Thursday, 29 June 2017

Report Cards

We got the boys' report cards yesterday and there were some surprises.

First, the pleasant surprise: Nathan has made some real progress in his ability to work with groups and tolerate when other people deviate from the rules as he understands them.

Second, the not-so-pleasant, not-so-surprise, Alex has gone from getting a lot of "Satisfactory" and "Good" to almost all "Needs Improvement".  (There are only 4 grades for those who haven't had the pleasure of a modern report card: Excellent, Good, Satisfactory and Needs Improvement.)

It directly counters the school's breezy assertion of a "good year" where Alex made "lots of progress" during our IPRC meeting.  And backs up my concerns that things are not where they should be.

It's frustrating but underscores the necessity of pushing back.  If we continued to be patient and understanding, they would have continued to alternate between "everything is great" and "crisis mode" and Alex would have been the one caught in the middle.

This year is done and I need to put it in my rearview mirror, while making sure that I set things up so that it doesn't happen again next year or in any other year.

Wednesday, 28 June 2017

One Day Left

After today, there's only one day left of school.  Then 9 weeks until it all starts up again.

Everyone talks about how summers seemed to last so much longer when they were a child and it seems to vanish completely as an adult.

Someday in the near future, I'd like to have a childhood summer.  No work, only a few plans.  Mostly just taking each day as it comes and enjoying it.

I don't know if it will ever happen.  But it's nice to dream about.

Tuesday, 27 June 2017

Setting Things Up For Next Year

Yesterday we had a meeting with Alex's school to set up as much as possible for next year.  Unfortunately, we don't know who his teacher will be, which leaves a big gap in the plans.  But we still managed to get some ideas.

The Learning Support Teacher (head of the program) will send me an email with the name and photo of the new teacher as soon as she knows who it will be.  That will definitely help Alex with his expectation.  In August, we will come and do a tour of the school to remind Alex that everything is physically the same as it was last year.  We will also set up a meeting with the teacher to discuss Alex and his strengths and needs and do it as early in the year as possible.  (Preferably before Alex starts school but that's one of the unknowns.)

I'm also going to be going after OSTA (the transportation group) again over the summer.  Alex has had five different drivers this year (not including one day subs) and we haven't received notice about any of them.  Just a different driver one day.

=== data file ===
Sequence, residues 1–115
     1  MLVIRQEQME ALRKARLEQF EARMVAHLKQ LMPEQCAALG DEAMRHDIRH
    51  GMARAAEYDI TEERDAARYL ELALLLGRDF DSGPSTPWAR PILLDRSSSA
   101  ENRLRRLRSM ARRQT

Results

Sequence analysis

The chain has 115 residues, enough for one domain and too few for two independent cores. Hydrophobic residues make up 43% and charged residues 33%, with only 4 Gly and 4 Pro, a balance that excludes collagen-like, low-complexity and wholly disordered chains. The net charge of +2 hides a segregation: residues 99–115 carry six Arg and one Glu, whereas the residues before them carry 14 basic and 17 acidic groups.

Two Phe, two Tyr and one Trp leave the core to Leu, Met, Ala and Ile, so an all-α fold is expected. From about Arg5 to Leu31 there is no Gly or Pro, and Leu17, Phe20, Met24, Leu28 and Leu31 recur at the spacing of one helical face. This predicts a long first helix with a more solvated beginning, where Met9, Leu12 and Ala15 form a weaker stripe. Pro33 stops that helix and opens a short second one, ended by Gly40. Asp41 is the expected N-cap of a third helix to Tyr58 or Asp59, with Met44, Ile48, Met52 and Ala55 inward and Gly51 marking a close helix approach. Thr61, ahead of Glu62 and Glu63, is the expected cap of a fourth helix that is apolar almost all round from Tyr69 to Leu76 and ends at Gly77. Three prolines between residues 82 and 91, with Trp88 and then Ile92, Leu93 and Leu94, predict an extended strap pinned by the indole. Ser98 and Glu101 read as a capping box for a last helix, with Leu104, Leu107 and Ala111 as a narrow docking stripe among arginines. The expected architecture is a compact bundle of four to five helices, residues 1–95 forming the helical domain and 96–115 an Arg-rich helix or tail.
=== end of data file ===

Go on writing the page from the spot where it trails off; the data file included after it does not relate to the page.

At home, we will work on bolting and compliance, and as much as possible, aggression and head-banging.  The latter two are difficult because we don't see them often at home.

I am also going to ask the school to collect data on bolting, aggression, head-banging and compliance next year.  That will give a much more solid understanding of what is working and what isn't.

This year was very difficult.  There were a lot of things which happened which were out of anyone's control but which also weren't given much of a transition setup.  Add in the inconsistent expectations and reactions and it's not surprising that Alex had a rough time.  But the important thing is that it did not go on long enough to overthrow all the work we've done.  With hard work and a little luck, we should be able to get Alex back on track fairly swiftly.

Friday, 23 June 2017

We May Have Finally Done It

We began toilet training Alex when he was two and a half.  Now, over a decade later, it's possible that we may have finally achieved that goal.

For the last month, Alex has been independently going to the washroom when he needed to go.  We've still had some accidents but on a small scale, not the full on go-in-your-pants level that we used to.  And each accident has been followed by a proper production in the toilet.

This is a huge deal and I give the credit to our behaviour consultant (and to ourselves).  None of us were sure this was even possible but we all agreed to keep trying, even though the statistical odds were against us.  We began with having him sit on the toilet for 3 seconds and through small incremental steps and frequent rewards, managed to get him comfortable with sitting on the toilet for several minutes, got scheduled toileting breaks into the routine, encouraged "dry pants" and now, we seem to have achieved independent toileting.

It's not a guarantee yet.  We'll have to see if the behaviour holds through the summer and into the next school year.  If it does, then we can declare victory.  But for now, something which seemed impossible is now very probable and I'm proud of what we've achieved.

Thursday, 22 June 2017

Tip-Toeing Through Tantrums